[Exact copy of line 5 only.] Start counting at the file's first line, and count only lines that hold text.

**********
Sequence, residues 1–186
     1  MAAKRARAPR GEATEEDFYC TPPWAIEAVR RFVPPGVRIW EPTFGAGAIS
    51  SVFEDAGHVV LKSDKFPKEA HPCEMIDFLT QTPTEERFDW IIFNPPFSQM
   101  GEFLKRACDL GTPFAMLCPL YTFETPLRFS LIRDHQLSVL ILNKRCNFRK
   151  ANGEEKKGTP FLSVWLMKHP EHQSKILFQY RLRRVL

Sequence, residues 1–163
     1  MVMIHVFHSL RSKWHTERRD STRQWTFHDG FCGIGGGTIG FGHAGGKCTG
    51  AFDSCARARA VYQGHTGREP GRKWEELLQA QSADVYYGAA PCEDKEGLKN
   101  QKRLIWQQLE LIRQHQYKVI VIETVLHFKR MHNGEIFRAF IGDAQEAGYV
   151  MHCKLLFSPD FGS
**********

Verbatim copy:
   151  ANGEEKKGTP FLSVWLMKHP EHQSKILFQY RLRRVL